|Dogtown and Z Boys
I’m always a bit suspicious when a film arrives bearing the
imprimatur of the Sundance Film Festival. To me, there’s something in the
altitude and late-night screenings that makes otherwise reasonable people
accept middling movies as works of genius. That’s not to say that there
aren’t bona fide gems that play the festival, it’s just that the hype
So when DOGTOWN AND Z BOYS arrived bearing the best director
prize and sharing the audience award from Sundance, my hackles were
raised. At the time of its release, nonfiction films were still not accorded
the respect they have been given in recent years, so I opted to skip the
movie. I mean, it was about a bunch of guys from Southern California
who were famous for riding skateboards. It didn’t exactly appeal to me
at the time.
I waited to see the movie until it was on DVD, and only then because
I was preparing to review the director’s second feature documentary
RIDING GIANTS (about surfing). I don’t completely regret the decision, but
I was pleasantly surprised by the documentary. More than likely, it’s
because the film is filled with a genuine sense of admiration and passion,
due in no small part to the fact that writer-director Stacy Peralta and
co-writer Craig Stecyk were both part of the phenomenon. Indeed,
Stecyk was something of a Boswellian presence when the events first
unfolded, snapping photographs and shooting amateur video. Peralta was
one of the titular Z Boys (so named for the Zephyr Surf Shop which
sponsored the skateboarding team). To be honest, their participation is
also one of the film’s weaknesses, since it calls into question the objectivity
of the filmmakers. Peralta also makes the strange choice to treat himself
in the third person until the end of the film when it is revealed he directed
In the rundown area of Venice Beach, California in the 1970s, the locals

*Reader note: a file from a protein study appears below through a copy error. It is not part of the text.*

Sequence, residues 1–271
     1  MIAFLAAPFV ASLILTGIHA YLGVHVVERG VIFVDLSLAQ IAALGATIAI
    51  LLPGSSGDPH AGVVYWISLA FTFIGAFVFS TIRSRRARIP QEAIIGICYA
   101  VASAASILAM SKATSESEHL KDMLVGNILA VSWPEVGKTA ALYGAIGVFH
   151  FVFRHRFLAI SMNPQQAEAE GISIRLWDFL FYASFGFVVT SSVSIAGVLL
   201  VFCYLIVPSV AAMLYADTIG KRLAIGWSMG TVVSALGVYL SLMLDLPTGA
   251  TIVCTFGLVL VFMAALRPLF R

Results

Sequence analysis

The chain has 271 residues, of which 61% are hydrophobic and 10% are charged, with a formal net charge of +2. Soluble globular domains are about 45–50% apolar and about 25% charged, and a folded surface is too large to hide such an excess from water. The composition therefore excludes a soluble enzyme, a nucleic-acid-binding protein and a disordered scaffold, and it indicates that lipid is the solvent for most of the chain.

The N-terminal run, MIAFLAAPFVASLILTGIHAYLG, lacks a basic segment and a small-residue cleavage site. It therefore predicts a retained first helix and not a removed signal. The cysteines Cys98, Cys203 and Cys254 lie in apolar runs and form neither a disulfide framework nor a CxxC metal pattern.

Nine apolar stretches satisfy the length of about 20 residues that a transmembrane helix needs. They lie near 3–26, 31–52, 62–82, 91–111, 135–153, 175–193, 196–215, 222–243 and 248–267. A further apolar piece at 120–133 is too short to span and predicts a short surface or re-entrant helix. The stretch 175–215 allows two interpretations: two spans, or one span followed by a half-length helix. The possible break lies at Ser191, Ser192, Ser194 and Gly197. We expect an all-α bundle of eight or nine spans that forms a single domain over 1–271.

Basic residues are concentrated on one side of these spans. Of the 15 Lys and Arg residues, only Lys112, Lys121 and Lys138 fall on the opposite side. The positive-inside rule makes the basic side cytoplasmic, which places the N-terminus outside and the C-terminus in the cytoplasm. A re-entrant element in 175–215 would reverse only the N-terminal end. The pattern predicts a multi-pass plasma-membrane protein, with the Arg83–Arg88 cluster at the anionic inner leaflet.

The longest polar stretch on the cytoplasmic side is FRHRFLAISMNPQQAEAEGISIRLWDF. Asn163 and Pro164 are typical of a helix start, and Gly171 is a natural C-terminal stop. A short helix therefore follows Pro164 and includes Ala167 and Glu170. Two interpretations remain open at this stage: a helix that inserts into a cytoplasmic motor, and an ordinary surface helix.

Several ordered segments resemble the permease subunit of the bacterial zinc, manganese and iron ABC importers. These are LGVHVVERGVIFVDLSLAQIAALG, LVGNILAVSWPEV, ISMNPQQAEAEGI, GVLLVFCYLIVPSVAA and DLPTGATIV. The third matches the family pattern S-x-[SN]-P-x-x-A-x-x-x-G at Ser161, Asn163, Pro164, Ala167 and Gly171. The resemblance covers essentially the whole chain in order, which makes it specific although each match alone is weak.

would often surf in the dangerous waters off the rundown pier. Among them
was Skip Engblom, one of the owners of Zephyr. A swaggering man who
likens himself to Captain Hook and the skateboarders to a team of pirates,
Engblom is one of the more colorful characters who appear in the film.
DOGTOWN AND Z BOYS offers up the thesis that the Southern
California skaters were responsible for pushing the sport beyond its staid
boundaries. When it reemerged in the 1970s, skateboarding competitions
involved required elements (much like the ice dancing at the Olympics) and
any variations beyond those technicalities was viewed with suspicion.
Peralta posits that he and his fellow rebels, including Tony Alva and
Jay Adams, were the vanguard in changing the sport. Appropriating moves
from surfing (such as riding low to the ground), the Z Boys became
celebrities before the culture was fully driven by famous people. Of course,
it helped greatly that Stecyk was there to shoot the pictures and write
the articles that described the Dogtown style.
Still, I have to say that I was impressed with the film. Kudos should
go to film editor Paul Crowder for assembling the material. Several scenes
of the skaters are stunning to watch (in a sort of “how did they do that?”
manner) and the film has been edited well. Peralta also uses music from
the period perfectly to complement the action. And many of the skaters
interviewed have grown up to become articulate and entertaining
individuals (at least in the film). Perhaps the most poignant case, though,
is of Jay Adams, clearly the most attractive and arguably the best skater
who now sits in prison on drug charges, his good looks ravaged by beatings
and time. His presence in the film calls to mind the Greek myth of Icarus
and it is rather sad and upsetting to contemplate the waste of talent.
MPAA Rating: PG-13 for language and some
Running time: 89 mins.
|© 2008 by C. E. Murphy. All Rights Reserved.